Charity Number 1038448


Are you as stunned as I am?

Discrimination? Access? Information? Awareness? Equality?

I’m so disgusted, I can’t even comment on this.

Alternative health

29 10 2007

Are there any deaf alternative health practitioners out there? We are looking for any ~ email me by posting a reply to this blogpost. If you would rather not have your name / company made public on the blog, just say and I won’t publish it.

Casualty departments are just that.

1 10 2007

I hate casualty departments almost as much as Kyle really really really really hates banks.

The last time I went to casualty was to the Royal Berkshire Hospital in Reading. I sat there for five hours with a fractured metatarsal before storming off home.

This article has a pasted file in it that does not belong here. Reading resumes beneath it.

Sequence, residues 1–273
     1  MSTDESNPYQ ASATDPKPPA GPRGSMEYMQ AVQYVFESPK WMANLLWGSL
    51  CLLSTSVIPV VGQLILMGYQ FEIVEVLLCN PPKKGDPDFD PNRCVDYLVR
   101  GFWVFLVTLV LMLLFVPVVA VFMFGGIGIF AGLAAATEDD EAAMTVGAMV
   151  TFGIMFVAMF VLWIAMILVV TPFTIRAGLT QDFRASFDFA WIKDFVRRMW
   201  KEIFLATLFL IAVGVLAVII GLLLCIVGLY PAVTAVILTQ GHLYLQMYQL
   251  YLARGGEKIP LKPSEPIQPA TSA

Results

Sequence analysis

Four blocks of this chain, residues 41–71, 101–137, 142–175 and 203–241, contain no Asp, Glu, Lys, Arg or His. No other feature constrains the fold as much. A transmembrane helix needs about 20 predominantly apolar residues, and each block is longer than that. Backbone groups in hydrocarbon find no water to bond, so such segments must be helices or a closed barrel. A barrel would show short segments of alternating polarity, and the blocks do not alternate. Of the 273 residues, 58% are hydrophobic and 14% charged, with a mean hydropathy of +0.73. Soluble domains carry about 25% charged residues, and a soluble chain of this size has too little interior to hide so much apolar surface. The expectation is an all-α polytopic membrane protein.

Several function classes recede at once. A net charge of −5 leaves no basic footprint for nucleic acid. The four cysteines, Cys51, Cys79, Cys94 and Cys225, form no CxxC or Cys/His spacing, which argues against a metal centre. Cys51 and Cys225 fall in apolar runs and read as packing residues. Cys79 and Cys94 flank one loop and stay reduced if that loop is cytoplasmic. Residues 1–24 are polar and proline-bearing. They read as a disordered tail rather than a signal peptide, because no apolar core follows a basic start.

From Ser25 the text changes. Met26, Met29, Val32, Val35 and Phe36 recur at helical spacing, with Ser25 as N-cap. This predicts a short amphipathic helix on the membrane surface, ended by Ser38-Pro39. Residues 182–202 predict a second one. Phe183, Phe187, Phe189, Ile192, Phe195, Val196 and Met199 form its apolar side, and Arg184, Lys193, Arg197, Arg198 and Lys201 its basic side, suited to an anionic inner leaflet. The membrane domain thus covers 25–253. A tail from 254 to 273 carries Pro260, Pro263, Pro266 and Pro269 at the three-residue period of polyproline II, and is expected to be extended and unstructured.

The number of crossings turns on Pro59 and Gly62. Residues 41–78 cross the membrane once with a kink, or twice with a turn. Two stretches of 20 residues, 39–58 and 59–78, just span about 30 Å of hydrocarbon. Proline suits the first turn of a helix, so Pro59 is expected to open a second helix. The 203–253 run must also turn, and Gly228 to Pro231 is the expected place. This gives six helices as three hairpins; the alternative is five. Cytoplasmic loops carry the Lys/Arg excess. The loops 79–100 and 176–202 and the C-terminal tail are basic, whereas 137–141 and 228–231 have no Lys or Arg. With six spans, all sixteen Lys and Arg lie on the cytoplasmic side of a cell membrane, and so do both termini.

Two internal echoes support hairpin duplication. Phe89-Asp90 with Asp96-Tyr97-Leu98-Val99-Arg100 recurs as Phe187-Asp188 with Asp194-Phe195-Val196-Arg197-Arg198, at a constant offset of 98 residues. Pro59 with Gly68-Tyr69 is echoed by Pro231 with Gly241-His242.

I had done something to my foot in karate and it had been very sore for three weeks. This time, I was fed up enough with this injury that I decided to go to casualty after work today.

At the casualty reception, I was asked for my details and for information about my injury. The nurse filled in a duplicate form and I was told to wait. The form had ‘Deaf, please shout’ written across the top. Grrr.

I waited and waited. And waited. People came and went. It was bedlam. This foreign lady sat next to me and started telling me all about her pet dog and how it would alert her to the phone and doorbell. She explained she had too much wax in her ears, she’d had it removed, and is still deaf. She wanted to know how my Hearing Dog worked for me, and why I was deaf. All in a voice loud enough to ensure everyone else in the waiting room could hear her. Her daughter then sat next to us and explained her mother is deaf and so on and so forth. Oh joy.

Smudge started getting very agitated, and these two ladies kept offering to go to Sainsbury’s and get him some dog food. No, no, he’s fine I said. The mother went to reception and came back with a biscuit for Smudge. Gawd. The conversation carried on, revolving around the mother’s inability to hear and didn’t Smudge want another biscuit?